The Clergy Speaks – Father Scott Hurd

The Clergy Speaks – Father Scott Hurd January 12, 2015

fr_scott_hurdWelcome back to “The Clergy Speaks”, a recurring feature here at The Catholic Book Blogger. “The Clergy Speaks” is a column focusing on one question I have asked various members of the clergy. That question is: What five books would you recommend as must-reads for Catholics today? I left the responses open to current or classic books with the only restriction being that the Bible and the Catechism could not be used as they are a given. This week we welcome Father Scott Hurd.

Reverend R. Scott Hurd is a priest of the Archdiocese of Washington, D.C. Fr. Scott began his ordained ministry as an Episcopal priest and entered the Catholic Church in 1996. He holds degrees from Oxford University and the University of Richmond.

Drawn from his pastoral ministry and personal experience, When Faith Feels Fragile is Fr. Scott’s third book.  He has also penned the award-winning, best-seller Forgiveness: A Catholic Approach (Pauline Books and Media, 2011) and Daily Devotions for Lent 2013 (Ave Maria Press, 2012).

He has served as Executive Director of the Archdiocese of Washington’s Office of the Permanent Diaconate and as Vicar General of the Personal Ordinariate of the Chair of Saint Peter.

Here are his picks for 5 must reads for Catholics today:


Pete, I am grateful for the opportunity to participate in “The Clergy Speaks.” God bless you for your efforts in promoting good Catholic books through your fine blog. Here are five books that have touched my life, and that I would happily recommend to your readers:


  1. The Return of the Prodigal Son by Henri Nouwen. It sounds clichéd to say that a book “blew me away,” and odd to call a work of spirituality a “page turner,” but that was my experience in reading this work. Through meditating on Rembrandt’s famous painting at the Hermitage in Saint Petersburg, Nouwen offers personal commentary on the three characters in Jesus’ parable: the wayward but humbled prodigal, the dutiful and resentful older brother, and the patient, welcoming, and forgiving father. With compassion, empathy, and deep insight, Nouwen reveals his personal journey while challenging the reader to see a bit of both sons in themselves as they seek, through grace, to emulate the father.
  2. How Much is Enough? by Art Simon. Written by the founder of Bread for the World, a Christian organization which seeks to end world hunger, this clear and compelling work challenged me to do the hard work of truly distinguishing my needs from my wants, cultivate radical gratitude, live in solidarity with the world’s poor, give and not count the cost, live simply so others may simply live, and be a faithful steward of God’s bounty- all in imitation of Jesus.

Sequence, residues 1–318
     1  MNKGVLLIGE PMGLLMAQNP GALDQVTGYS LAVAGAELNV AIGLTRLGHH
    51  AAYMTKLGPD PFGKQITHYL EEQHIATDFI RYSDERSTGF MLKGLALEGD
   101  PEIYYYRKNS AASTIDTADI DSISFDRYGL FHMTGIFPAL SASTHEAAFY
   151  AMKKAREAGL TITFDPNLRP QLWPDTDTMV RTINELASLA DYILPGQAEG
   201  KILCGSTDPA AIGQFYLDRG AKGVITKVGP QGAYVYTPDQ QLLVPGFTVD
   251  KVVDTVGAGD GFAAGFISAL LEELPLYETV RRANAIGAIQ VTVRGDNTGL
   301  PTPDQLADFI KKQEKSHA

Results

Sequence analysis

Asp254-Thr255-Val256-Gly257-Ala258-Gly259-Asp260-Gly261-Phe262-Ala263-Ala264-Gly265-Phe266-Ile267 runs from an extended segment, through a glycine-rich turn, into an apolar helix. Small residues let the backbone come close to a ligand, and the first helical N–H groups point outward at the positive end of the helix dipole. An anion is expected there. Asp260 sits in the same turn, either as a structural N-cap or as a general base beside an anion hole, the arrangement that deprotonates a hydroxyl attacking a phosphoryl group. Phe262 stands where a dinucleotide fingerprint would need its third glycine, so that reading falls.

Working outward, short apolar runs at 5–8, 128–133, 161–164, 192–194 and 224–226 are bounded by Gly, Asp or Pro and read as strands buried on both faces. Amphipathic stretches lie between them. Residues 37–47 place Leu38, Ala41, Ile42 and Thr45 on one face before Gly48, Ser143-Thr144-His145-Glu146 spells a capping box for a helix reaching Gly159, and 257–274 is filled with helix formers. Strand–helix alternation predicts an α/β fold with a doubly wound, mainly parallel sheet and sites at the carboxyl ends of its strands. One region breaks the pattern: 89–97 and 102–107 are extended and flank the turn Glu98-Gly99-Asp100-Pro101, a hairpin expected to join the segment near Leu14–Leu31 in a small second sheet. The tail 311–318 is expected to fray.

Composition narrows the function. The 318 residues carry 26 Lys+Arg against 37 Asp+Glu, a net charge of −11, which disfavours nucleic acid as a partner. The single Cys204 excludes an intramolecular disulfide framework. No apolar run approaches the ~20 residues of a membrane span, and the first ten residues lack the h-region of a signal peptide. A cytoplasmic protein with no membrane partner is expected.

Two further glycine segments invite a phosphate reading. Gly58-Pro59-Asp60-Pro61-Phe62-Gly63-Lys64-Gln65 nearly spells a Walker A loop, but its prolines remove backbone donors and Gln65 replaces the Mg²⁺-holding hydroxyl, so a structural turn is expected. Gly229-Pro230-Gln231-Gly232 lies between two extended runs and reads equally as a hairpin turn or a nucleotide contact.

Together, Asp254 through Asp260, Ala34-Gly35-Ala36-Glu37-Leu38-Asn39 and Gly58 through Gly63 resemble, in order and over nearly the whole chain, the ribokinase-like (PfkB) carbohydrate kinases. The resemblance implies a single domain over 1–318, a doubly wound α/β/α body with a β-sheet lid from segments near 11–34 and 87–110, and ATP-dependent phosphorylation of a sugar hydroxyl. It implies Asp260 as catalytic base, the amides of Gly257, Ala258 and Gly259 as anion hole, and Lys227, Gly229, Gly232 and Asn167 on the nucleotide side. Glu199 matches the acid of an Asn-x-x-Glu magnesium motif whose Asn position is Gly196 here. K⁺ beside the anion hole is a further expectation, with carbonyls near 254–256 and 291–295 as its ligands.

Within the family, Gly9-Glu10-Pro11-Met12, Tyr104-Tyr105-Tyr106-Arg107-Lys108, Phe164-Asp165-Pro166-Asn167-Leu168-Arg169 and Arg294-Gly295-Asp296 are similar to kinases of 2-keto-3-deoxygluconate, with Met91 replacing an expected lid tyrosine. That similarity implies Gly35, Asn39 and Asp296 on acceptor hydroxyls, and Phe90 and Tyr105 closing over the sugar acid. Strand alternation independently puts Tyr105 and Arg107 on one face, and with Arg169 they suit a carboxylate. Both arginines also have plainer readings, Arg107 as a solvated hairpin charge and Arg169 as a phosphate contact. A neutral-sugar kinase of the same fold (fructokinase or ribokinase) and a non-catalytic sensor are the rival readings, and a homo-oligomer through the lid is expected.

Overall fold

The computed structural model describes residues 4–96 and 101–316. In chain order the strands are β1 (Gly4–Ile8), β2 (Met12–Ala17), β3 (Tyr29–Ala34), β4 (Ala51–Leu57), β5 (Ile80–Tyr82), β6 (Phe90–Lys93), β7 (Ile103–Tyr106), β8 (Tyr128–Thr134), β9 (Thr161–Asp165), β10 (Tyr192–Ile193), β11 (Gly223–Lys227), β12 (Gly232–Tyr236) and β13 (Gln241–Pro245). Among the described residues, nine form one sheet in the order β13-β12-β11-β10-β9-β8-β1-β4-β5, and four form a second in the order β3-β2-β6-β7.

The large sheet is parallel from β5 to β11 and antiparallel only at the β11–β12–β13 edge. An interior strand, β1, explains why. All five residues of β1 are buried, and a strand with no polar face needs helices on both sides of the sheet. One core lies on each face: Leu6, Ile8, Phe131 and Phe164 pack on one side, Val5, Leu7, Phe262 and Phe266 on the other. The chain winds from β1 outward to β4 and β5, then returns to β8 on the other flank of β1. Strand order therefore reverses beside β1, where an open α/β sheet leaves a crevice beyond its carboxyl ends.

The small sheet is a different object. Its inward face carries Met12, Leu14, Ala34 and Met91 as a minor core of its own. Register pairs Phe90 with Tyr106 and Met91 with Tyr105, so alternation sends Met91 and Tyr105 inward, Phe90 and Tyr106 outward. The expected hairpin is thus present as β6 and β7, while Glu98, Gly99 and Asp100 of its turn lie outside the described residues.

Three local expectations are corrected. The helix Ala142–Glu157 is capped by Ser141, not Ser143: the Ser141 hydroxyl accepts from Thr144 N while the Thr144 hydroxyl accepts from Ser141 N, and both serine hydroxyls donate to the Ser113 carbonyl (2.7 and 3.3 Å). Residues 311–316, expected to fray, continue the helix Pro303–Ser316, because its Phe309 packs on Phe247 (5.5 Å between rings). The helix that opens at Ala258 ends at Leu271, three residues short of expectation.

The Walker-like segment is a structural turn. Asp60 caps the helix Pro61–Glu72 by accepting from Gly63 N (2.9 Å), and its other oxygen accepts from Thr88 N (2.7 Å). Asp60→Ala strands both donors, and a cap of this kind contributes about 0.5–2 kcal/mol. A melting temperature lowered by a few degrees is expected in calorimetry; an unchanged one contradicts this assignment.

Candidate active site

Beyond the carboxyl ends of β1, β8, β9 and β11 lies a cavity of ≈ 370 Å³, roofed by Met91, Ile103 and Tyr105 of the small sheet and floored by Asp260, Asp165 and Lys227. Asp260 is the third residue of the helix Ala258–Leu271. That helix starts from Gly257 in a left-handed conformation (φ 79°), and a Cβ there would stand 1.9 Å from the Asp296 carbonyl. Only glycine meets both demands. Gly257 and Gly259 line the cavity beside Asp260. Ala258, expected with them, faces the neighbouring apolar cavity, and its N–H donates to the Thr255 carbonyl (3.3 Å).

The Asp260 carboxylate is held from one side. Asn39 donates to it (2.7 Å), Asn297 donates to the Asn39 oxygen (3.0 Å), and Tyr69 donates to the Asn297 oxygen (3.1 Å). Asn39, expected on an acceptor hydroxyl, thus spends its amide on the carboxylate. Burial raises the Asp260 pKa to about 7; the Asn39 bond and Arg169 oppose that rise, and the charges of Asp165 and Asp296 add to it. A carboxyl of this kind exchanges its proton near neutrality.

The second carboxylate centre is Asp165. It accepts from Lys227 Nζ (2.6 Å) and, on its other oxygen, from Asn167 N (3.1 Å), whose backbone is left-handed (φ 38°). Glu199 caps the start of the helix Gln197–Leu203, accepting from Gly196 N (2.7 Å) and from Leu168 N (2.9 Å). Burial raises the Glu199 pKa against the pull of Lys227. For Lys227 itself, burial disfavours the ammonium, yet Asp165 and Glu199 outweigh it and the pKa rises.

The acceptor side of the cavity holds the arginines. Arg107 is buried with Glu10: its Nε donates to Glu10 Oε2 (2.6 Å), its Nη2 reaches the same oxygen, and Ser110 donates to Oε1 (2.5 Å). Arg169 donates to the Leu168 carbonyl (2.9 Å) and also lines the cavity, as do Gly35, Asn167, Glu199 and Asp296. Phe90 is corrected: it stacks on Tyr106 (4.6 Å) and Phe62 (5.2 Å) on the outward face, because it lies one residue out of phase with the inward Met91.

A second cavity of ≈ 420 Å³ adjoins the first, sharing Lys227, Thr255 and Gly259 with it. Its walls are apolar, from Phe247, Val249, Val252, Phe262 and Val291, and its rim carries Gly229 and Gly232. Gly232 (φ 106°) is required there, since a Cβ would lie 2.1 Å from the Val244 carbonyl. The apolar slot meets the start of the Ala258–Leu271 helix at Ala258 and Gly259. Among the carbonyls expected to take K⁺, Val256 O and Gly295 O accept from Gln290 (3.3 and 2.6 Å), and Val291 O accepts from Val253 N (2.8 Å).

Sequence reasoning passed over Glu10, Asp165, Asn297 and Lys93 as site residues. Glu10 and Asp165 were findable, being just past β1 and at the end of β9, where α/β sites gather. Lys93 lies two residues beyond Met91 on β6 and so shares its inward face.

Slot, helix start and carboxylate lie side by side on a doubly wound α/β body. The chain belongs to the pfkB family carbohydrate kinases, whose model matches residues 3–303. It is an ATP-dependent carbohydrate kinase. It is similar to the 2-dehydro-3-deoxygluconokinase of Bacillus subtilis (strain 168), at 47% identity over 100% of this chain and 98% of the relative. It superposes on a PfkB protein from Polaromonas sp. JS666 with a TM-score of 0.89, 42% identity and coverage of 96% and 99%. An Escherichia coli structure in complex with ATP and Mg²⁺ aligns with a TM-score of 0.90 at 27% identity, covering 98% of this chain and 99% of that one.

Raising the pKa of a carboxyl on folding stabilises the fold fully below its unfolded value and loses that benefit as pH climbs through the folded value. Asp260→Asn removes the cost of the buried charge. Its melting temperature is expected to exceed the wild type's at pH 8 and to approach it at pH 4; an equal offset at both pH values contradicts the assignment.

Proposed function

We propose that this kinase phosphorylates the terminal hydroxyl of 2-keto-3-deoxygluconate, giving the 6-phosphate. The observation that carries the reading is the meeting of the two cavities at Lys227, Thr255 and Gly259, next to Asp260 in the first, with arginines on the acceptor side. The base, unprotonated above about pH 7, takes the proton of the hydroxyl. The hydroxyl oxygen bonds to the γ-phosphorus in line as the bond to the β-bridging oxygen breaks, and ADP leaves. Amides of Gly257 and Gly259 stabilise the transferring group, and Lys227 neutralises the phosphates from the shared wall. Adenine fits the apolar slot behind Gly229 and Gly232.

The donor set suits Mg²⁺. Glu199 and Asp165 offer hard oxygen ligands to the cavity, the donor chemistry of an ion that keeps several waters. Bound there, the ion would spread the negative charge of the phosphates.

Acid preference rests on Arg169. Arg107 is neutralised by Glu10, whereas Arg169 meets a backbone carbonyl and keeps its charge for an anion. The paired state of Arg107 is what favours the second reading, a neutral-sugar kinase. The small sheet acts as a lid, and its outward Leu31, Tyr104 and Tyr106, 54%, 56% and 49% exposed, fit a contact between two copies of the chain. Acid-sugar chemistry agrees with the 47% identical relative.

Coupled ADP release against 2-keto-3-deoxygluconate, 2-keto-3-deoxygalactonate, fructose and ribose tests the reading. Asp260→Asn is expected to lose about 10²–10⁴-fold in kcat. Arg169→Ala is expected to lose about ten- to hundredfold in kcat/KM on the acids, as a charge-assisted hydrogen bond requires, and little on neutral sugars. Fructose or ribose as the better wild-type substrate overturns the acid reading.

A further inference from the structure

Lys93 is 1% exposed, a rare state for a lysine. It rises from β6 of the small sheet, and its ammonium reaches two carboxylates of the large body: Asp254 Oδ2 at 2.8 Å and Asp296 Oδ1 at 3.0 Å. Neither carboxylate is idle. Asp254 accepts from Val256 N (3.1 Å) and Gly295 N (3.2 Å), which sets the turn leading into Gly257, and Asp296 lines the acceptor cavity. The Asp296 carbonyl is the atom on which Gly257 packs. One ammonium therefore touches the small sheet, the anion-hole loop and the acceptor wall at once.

3. Good News for Married Lovers: A Scriptural Path for Marriage Renewal, Revised Edition by Charles Gallagher, SJ and Mary Angelee Seitz. This gentle but bracing exposition of the fullest expression of Catholic married life, co-written by a founder of Worldwide Marriage Encounter, issues a call to serve one’s spouse in the marriage covenant through an expression of love as characterized by Saint Paul’s famous definition in I Corinthians 13:4-7: Love is patient and kind, selfless and even-tempered, and does not nurse grudges or hurts while it bears all things, believes all things, hopes all things, and endures all things.
  4. A Grief Observed by C.S. Lewis. I’d always admired Lewis’ intelligence, rhetorical gifts, and creative imagination. However, I gained immense respect for him after encountering his final and perhaps most poignant work, A Grief Observed, which was originally penned under a pseudonym. With unfiltered honesty, Lewis reflects on the shattering experience of losing his wife, Joy, to cancer, and shares how this suffering challenged, but ultimately confirmed, his faith and how pain, which in an earlier work he tried to solve as a “problem,” is also a mystery which confronts us with the suffering of Jesus, which is a doorway to hope and healing.
  5. The Collected Works of St. John of the Cross, edited by Keiran Kavanaugh, OCD, and Otilio Rodruigez, OCD. For my first year in seminary, this compendium was a constant companion, and it’s had a profound and lasting impact on me. His spiritual theology explores intimacy with God, the role of feelings (“consolation”) in one’s faith life, dryness and darkness, and the blessings of simplicity and perseverance. His tender poetry- allegories on the love between God and a soul- are considered masterpieces of the Spanish language, was written at times in circumstances of extreme hardship, such as when he was harshly imprisoned by members of his own Carmelite order for seeking to institute reforms. To modern sensibilities, elements of Saint John of the Cross’s worldview may seem archaic and obsolete, but his work is essential reading for any serious student of the spiritual life. 

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